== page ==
We must prepare to stand up for our rights, demand accountability

Citizens need to demand government accountability and, their rights. [iStockphoto]

On May 3, we marked the 30th anniversary of World Press Freedom Day.

This day is set aside as an opportunity to focus on the state of independent journalism, principles of press freedom, and the role of journalists in informing and educating citizens, exposing injustices, wrongdoing and encouraging public participation and engagement to ensure accountability of public officers, all of which are essential for democracy to thrive and to protect people's fundamental rights.

Journalists from various media houses took to a few counties to educate and inform the public about the day and their role in society. In the evening most television stations featured discussions about press freedom and the relevance and importance of media in the age of the dark internet, fake news, and misinformation.

It is true that media and civil society spaces are shrinking. Ironically, this is when we have one of the most progressive constitutions of our time. In the 1980s and 1990s up to 2010, when our Constitution was promulgated, the media, civil society, and faith-based organisations led the struggle for the restoration of multi-partyism, a new Constitution, protection of human rights, democracy, and the rule of law.

The political playing field was very restricted and unlevel, in fact, Kenya was a de jure one-party State from 1982 to 1992 having been a de facto one-party State since 1969. The Independence Constitution and the laws from it did not sufficiently safeguard human rights, democracy, the rule of law, and good governance. The Judiciary and Legislature were fully under the control of the Executive. The President appointed almost all State Officers, ambassadors, judges, commissioners, senior security officers, and other senior public officers and before 1992, appointed all nominated Members of Parliament.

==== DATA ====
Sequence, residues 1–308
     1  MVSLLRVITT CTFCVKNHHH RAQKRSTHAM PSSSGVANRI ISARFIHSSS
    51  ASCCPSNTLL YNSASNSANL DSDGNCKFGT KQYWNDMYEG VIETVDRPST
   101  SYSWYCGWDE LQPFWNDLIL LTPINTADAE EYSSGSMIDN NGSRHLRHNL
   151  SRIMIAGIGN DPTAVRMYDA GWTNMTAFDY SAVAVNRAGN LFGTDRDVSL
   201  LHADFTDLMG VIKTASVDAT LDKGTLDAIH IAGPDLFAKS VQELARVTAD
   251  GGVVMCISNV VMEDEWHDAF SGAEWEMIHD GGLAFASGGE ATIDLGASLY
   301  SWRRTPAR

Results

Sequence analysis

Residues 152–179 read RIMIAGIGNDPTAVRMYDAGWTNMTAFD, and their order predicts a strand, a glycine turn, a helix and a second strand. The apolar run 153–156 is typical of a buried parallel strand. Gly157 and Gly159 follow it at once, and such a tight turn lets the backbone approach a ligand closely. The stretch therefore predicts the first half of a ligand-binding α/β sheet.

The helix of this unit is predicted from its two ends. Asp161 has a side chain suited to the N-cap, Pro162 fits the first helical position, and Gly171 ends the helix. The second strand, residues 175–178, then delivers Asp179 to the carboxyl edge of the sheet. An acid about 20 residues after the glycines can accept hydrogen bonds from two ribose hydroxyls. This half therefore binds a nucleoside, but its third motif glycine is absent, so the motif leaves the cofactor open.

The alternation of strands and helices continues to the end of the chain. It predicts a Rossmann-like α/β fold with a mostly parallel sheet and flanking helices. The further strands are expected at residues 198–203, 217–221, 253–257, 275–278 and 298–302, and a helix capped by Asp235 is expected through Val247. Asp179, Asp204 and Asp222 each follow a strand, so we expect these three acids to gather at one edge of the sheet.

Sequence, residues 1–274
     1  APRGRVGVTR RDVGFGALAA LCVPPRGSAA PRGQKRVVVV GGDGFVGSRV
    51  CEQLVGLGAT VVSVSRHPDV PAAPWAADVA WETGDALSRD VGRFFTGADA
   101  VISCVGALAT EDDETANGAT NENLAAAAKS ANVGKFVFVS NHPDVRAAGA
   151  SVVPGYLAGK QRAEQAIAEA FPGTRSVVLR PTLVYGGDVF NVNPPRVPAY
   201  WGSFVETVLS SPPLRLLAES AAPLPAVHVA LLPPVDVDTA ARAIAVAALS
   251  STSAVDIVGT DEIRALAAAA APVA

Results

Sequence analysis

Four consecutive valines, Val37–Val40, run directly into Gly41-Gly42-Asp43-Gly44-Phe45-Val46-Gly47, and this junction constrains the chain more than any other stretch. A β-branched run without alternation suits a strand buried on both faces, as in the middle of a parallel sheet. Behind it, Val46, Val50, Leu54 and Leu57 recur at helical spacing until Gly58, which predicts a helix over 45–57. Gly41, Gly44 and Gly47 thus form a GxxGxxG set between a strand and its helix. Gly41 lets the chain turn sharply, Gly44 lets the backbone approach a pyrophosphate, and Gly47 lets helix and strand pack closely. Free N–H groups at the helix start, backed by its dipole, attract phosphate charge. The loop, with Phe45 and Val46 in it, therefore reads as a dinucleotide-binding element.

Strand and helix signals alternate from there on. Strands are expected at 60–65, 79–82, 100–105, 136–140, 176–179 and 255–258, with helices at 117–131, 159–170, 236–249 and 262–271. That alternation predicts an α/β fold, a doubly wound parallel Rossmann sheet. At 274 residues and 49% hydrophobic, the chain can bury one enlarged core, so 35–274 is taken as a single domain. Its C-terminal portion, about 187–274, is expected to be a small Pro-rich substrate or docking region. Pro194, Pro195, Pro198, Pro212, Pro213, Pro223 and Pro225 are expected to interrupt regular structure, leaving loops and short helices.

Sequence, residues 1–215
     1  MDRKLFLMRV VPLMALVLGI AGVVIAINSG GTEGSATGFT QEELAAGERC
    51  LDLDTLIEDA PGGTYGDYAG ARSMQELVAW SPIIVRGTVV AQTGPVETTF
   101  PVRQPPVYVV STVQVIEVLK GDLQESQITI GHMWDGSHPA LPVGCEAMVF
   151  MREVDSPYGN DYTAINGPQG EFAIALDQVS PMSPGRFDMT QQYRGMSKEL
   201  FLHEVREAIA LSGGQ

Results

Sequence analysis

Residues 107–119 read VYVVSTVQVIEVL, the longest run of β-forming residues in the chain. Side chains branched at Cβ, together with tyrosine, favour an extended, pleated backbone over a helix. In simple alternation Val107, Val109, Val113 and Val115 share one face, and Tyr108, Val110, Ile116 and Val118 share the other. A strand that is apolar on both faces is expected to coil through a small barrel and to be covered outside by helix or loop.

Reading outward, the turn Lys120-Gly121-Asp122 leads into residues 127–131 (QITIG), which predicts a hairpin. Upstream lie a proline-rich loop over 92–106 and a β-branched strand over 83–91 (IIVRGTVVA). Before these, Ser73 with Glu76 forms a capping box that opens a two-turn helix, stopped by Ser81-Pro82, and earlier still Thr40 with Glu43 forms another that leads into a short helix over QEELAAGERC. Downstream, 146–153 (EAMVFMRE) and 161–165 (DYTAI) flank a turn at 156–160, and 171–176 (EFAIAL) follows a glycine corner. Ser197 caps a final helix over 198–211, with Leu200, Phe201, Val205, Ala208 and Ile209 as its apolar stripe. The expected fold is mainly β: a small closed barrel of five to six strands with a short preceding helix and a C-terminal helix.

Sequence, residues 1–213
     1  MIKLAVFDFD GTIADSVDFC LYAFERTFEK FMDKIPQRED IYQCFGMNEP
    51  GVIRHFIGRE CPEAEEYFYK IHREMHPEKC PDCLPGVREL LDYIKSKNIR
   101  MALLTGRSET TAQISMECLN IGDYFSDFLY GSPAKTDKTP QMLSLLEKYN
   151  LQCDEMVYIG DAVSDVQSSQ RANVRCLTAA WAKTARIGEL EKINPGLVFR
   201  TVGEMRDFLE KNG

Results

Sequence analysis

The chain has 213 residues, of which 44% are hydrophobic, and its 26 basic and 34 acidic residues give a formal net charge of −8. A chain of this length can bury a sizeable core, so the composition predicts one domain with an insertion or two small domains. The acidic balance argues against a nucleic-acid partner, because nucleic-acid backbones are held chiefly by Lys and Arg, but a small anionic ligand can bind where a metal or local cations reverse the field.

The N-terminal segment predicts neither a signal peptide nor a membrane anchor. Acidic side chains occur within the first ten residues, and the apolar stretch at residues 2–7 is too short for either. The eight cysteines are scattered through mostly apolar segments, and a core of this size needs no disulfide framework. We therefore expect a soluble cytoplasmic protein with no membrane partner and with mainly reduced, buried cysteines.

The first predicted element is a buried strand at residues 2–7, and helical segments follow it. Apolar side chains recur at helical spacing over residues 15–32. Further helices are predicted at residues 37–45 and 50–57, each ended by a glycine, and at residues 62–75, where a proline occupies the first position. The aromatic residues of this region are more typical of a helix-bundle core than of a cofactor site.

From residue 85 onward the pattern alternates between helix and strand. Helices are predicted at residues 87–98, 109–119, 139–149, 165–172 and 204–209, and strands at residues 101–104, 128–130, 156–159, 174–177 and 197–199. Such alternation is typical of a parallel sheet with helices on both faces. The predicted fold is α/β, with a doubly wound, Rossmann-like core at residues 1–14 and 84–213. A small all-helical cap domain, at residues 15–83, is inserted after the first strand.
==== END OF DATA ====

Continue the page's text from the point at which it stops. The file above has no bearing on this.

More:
The media, faith-based organisations, and civil society organisations, were organised under operational umbrellas that facilitated the coordination of activities and pursuit of common objectives that eventually resulted in our progressive Constitution in 2010 and the institutions it created, which now have the requisite capacities to provide checks and balances on the three arms of the government - Executive, Judiciary, and Parliament. Yet, we do not seem to have the corresponding goodwill from the government, the opposition, and even the citizens for compliance, implementation, and enforcement. We prefer to politic, chest thump, and complain.

We have developed a dependence culture and feel unabashedly entitled without putting in the work. We have also developed a culture of impunity because bad and criminal behaviours go unpunished. We seem to gleefully celebrate the misfortune of others and blame others instead of taking responsibility for our actions.

There is so much negative ethnicity, parochialism, sectarianism, and hate. People who should know better are unapologetically divisive and exclusive. We have become a country where patriotism, morals, national values, and principles matter only when it is about someone else and not ourselves. Lack of unity and inclusion of all Kenyans in the economy, social and political life, and management of public affairs, undermine our efforts at national cohesion and integration and sabotage the Constitution. Corruption, nepotism, greed, injustice, insensitivity, and grandiosity stand in the way of sustainable development and economic recovery. So long as we refuse to do the right things, we cannot progress.

Citizens need to demand government accountability and, their rights. The media and civil society need to reclaim their spaces and voices, urgently. It appears like our Constitution, legal framework and institutional frameworks are not sufficient; we must hold the duty bearers to account and insist on implementation and enforcement. We must be unbowed and unafraid and must concern ourselves with Kenya and her interests. We cannot leave the government and the opposition to fight for our rights.

They are only interested in their political interests and survival. If history repeats itself and the opposition begins to "cooperate" with the government, they will forget our interests and focus on theirs. There are no guarantees that they are genuinely interested in citizens, who may be the means through which they achieve their political objectives and goals. We must put Kenya first and be prepared to stand up for our rights and demand accountability.

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